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What type of employees do you find difficult to manage?

1 of 25 Management Interview Questions and Answers Written by Rachelle Enns

Updated on June 29th, 2018 | Rachelle is a job search expert, career coach, and headhunter
who helps everyone from students to fortune executives find success in their career.
How to Answer

The interviewer would like to know more about the types of employees that you find difficult to manage. As a manager, you will be required to lead a great variety of personality types. Discuss with the interviewer the types of personalities that you find most challenging to manage, and why.

Professional Answer Examples
General
Answer example

"I find it most challenging to lead individuals who are not self-motivated. As a manager, you can do everything in your power to ensure that someone is successful, but you cannot force them to want it."

Admin
Answer example

"I have come across administrators who are so disinterested in the job, company, or opportunity, that they'll continue to keep doing the bare minimum of satisfactory work. Those individuals are very challenging for me. At some point, they do eventually work themselves out of a job, but until then, it is difficult to manage."

Manager
Answer example

"Every employee brings their challenges and strengths to teams. It is difficult to manage associates who are disinterested or resistant to engagement with the team. Luckily I do not encounter this often. The people who I have led are motivated and hardworking."

Marketing
Answer example

"While this is atypical in the marketing world, I find uninterested people difficult to manage. It's hard to have a collaborative, cohesive team if there's a sticky wheel that has no interest in collaboration or teamwork. When this happens, I try to get to know the person and understand what does make them tick, and how we can incorporate that into the team goals, so they become invested, too."

Retail
Answer example

"My biggest challenge is the employee who has no interest in being a team player. I can handle most any personality or quirk, but if you're not motivated to help the team for the greater good, this not only bothers me on a professional level, but also I find it quite hard to coach."

Sales
Answer example

"I feel as though I can adapt to most employees, but what challenges me is someone who is just looking to skate by with no real ambition. I do my best to find ways to motivate any and every employee. Even if they are not vying for the next promotion or to be a top salesperson, I feel there is some carrot I can put in front of their nose, whether it's a growth opportunity, a different department, or what have you. This approach works about 80% of the time for unmotivated employees."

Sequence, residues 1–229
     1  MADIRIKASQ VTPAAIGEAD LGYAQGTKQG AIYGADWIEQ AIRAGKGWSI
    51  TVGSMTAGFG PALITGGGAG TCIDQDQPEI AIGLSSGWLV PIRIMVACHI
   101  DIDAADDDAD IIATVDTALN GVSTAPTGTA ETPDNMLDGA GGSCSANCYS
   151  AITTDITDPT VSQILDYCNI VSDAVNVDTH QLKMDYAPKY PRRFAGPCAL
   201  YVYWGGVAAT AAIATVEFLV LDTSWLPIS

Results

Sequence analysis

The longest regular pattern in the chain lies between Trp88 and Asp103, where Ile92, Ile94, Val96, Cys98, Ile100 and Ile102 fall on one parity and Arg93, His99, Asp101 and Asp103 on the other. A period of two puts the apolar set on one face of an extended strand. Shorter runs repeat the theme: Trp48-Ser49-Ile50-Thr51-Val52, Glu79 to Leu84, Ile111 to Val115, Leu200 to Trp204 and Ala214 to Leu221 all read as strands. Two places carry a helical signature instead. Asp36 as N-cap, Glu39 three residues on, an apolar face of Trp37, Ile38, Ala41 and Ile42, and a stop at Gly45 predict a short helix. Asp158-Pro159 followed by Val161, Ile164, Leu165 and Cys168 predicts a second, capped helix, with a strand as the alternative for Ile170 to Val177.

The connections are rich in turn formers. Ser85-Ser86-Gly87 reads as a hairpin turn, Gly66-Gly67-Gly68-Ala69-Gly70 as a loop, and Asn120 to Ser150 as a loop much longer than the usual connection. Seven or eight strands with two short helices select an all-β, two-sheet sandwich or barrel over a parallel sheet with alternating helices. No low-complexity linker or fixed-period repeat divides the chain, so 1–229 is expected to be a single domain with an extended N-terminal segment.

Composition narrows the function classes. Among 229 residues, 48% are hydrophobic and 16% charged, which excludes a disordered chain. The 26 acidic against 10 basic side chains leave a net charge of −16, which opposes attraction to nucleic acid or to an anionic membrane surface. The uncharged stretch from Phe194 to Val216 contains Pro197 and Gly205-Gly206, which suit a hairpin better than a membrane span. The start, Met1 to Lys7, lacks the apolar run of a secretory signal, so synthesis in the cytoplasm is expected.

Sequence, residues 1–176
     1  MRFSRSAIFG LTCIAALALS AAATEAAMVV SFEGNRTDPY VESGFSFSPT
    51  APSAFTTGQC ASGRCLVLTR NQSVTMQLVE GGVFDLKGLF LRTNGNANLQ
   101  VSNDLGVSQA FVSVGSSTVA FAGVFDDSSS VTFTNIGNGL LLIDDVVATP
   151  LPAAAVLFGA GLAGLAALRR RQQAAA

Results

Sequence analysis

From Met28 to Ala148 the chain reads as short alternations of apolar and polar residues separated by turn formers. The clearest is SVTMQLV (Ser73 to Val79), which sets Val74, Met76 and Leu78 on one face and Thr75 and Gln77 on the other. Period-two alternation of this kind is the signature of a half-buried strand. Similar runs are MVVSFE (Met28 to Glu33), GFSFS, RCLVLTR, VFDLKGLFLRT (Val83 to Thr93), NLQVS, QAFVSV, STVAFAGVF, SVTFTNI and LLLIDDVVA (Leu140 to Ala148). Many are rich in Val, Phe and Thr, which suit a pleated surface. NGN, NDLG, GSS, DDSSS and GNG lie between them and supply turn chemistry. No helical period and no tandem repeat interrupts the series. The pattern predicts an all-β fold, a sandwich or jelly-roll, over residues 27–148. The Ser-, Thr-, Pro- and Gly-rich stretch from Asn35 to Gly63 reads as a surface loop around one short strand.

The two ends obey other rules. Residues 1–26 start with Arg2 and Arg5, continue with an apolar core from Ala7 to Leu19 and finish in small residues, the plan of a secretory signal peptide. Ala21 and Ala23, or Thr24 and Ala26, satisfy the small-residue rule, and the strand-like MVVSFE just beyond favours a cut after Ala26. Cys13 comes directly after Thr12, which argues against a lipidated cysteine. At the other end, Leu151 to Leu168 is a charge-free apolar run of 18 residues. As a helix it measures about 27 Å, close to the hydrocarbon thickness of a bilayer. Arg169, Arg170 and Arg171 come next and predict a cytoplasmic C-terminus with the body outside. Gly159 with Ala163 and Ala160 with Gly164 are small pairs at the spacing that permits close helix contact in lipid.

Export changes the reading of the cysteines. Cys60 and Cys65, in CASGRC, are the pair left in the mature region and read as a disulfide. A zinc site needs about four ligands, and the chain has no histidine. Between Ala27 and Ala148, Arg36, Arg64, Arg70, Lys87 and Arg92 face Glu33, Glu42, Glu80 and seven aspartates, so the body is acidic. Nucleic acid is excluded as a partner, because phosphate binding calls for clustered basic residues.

Teacher
Answer example

"The students who I find most challenging to lead are the ones who do not believe in themselves. They are often cynical about the work and their abilities which makes it a challenge to motivate. I will plant seeds of belief in them and along the way they usually come out of it and start to see how smart they are."

Written by:

Ryan Brown
Ryan Brown, is the creator of MockQuestions. He has over ten years experience creating interview questions. His website has helped over 10 million job seekers in their interview preparation.
Rachelle Enns
Rachelle Enns is a job search expert, executive headhunter, career catalyst, and interview coach. Utilized by top talent from Fortune companies like Microsoft, General Electric, and Nestle, she helps professionals position themselves in today's competitive digital marketplace. Rachelle founded Renovate My Resume and Executive Resume Solutions, two companies focused on helping job seekers get their edge back. She helps everyone from new graduates looking for their first placement, to CEO's who want more out of their career. Rachelle coaches students to executives on how to master the toughest interview questions and how to handle the most bizarre interview situations; all with confidence and poise. Rachelle trains other career coaches, recruiters, and resume writers, globally. A big part of her job is also spent coaching HR professionals on how to bring the human touch back into their interview and hiring process.
First written on: 01/05/2017
Last modified on: 06/29/2018

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